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ANY ALTERNATIVES TO PE GRILLS?


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#1 006

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Posted 10 January 2013 - 06:51 PM

For a long time, I have been frustrated with a lot of front end grills on kits.  Most of them are simply molded detail and the two popular options are to wash or use PE.  Some PE is OK, but then again, a lot of it is just not realistic other than the fact it's made of a metal. 

 

I want to do better.  I did some experiments and no doubt, it's as tough as hell.  I tried cutting thin strips of aluminum, mesh from all kinds of sources, shaping, sanding the backs of grills and a ton of other things.  One problem is that mesh can't be a "one shape (or pattern) fits all" solution.

 

I seem to be good at cutting away the original molded detail but from there, I scratch my head and say, "OK, now what am I going to put in there?"   I just did it with a Revell 69 Super Bee grill (hoping to make it into a FS Coronet).  Nice cut away...  and that's about as much as I have to say on that one.

 

Has anyone done anything interesting and realistic using something other than PE and besides just doing a blackwash? 

 

I'd love to hear your stories and see your pics!



#2 Harry P.

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Posted 10 January 2013 - 07:15 PM

This is a question, not a tip, trick or technique.

 

It should have been posted in the QUESTION and answer section, which is where I'm moving it.



#3 Casey

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Posted 10 January 2013 - 08:06 PM

I have seen a few scratchbuilt from styrene strip, but very, very few to be honest. Member Jevries' Monte Carlo LS grille is the first one which comes to mind, and maybe the only:

 

http://jevriesblog.com/index/page/3

 

 

I think the trick is to get the pattern of the grille (the "mesh", if you will) looking as close to the real grille mesh as possible, and even if the real grille is made of half round bar stock and you use a p/e mesh sheet (one piece, of consistent thickness), it will fool the eye since it's so small and the pattern is uniform and consistent.

 

There are some things which are just too think or fine to pull off in 1/25 scale, even using stronger materials such as metal. It's one of the compromises which both drive us to improve, and drive us crazy.  ;)



#4 plowboy

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Posted 10 January 2013 - 08:23 PM

I always just open up the kit grille if possible. I've opened up some very thin ones. It takes a lot of patience,but the result is well worth it. I usually take a dremel with a router bit and grind down the back side of the grille as close as possible without going through. Then sand with 220 grit until what's left begins to fall out. If a grille is really thin, I sand as close as possible then clean out the squares with my xacto blade.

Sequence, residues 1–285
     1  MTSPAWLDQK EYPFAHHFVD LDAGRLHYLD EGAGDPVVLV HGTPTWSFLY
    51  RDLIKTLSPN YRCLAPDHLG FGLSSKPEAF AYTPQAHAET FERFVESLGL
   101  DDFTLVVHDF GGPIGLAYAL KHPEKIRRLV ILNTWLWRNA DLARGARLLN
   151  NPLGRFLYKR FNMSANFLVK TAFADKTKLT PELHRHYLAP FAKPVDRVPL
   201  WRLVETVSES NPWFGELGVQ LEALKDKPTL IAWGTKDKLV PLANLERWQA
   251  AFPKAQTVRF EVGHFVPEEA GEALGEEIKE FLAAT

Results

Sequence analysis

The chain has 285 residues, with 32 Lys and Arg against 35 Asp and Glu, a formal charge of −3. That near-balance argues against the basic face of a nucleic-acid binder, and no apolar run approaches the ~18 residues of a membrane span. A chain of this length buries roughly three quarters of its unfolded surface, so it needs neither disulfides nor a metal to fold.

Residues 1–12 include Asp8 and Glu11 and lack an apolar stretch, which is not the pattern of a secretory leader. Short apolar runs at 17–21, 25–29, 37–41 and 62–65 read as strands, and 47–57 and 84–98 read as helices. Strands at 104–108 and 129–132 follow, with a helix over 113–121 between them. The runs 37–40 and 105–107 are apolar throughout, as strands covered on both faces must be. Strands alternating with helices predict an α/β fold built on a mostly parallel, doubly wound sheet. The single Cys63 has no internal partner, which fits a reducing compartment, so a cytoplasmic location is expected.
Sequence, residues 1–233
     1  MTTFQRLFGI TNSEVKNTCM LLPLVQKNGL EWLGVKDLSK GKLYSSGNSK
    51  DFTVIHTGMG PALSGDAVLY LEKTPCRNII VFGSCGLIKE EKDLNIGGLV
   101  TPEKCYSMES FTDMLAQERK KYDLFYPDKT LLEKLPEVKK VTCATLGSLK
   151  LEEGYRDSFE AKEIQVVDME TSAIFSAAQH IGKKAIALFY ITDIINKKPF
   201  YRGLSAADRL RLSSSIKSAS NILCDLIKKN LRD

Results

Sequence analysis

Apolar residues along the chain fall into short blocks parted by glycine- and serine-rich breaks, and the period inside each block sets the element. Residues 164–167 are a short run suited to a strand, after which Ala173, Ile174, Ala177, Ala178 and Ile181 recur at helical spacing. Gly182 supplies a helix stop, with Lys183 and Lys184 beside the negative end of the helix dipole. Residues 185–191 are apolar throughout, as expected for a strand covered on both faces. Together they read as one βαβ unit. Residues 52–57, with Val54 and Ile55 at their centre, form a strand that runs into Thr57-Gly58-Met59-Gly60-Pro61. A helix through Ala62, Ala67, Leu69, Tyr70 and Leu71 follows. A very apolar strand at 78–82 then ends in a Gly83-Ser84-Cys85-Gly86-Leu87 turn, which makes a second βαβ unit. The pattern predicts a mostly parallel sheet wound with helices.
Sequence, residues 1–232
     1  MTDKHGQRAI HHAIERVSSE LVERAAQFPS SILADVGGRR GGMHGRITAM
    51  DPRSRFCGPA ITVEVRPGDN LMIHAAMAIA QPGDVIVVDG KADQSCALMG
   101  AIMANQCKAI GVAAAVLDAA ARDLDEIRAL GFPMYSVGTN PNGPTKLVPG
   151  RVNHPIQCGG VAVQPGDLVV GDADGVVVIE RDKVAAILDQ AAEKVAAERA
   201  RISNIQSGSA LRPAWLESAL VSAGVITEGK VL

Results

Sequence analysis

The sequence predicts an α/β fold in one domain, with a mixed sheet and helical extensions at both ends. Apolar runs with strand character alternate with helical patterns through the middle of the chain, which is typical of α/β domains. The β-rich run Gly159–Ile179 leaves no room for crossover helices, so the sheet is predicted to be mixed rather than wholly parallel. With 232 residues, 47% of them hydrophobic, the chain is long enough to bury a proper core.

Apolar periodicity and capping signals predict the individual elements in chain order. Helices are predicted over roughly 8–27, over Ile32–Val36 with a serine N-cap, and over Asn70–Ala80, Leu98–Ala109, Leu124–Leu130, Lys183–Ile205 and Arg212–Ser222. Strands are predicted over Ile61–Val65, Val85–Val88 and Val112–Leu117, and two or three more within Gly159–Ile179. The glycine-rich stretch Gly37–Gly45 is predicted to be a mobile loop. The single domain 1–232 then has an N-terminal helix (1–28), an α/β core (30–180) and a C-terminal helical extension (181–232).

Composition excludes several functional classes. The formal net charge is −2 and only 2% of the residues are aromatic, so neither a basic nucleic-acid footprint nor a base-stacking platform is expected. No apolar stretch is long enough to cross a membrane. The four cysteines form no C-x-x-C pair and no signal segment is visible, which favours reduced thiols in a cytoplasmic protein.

Edited by plowboy, 11 January 2013 - 07:02 PM.


#5 006

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Posted 11 January 2013 - 06:50 PM

The 69 Bee is a tough one.  The detail is way too thin to open up from the back.  I was thinking of scratch building one that, perhaps, could be molded in the future.  I'm looking for some scratch building examples;  maybe those of you who used soda can aluminum or something.   There's go to be a decent solution, even if it takes tons of time.  I thought of the soda can aluminum, but I don't know what cutting tool would be best without curling or screwing up the edges.



#6 plowboy

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Posted 11 January 2013 - 07:02 PM

What about using 1/16 styrene rod?



#7 Bartster

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Posted 12 January 2013 - 05:20 AM

l have been experimenting with guitar strings. l cut 2 thin strips of .040 styrene sheet for vertical supports. Then with a photo etch blade, l score horizontal slots in them to hold the .009 strings. So far the toughest part has been getting the slots close enough together & at an equal distance apart. I have yet to come up with a presentable example of a billet grille, but l'm convinced it can be done! Many stock grilles have horizontal "fins" that could be replicated in this fashion. With proper bends in the appropriate places, l'm sure your '69 Bee grille could be done.
Bart

#8 plowboy

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Posted 12 January 2013 - 07:36 AM

l have been experimenting with guitar strings. l cut 2 thin strips of .040 styrene sheet for vertical supports. Then with a photo etch blade, l score horizontal slots in them to hold the .009 strings. So far the toughest part has been getting the slots close enough together & at an equal distance apart. I have yet to come up with a presentable example of a billet grille, but l'm convinced it can be done! Many stock grilles have horizontal "fins" that could be replicated in this fashion. With proper bends in the appropriate places, l'm sure your '69 Bee grille could be done.
Bart

 

I have done a billet style grille. I wasn't satified with the first one I made, so I made another one. Still, it's not perfect, but good enough for me. The bars are a little too thick at .020, but I tried .010 and it was too flimsy.

 

DSCF1973.jpg



#9 Bartster

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Posted 12 January 2013 - 08:21 PM

That turned out pretty nice ! I'm still at it.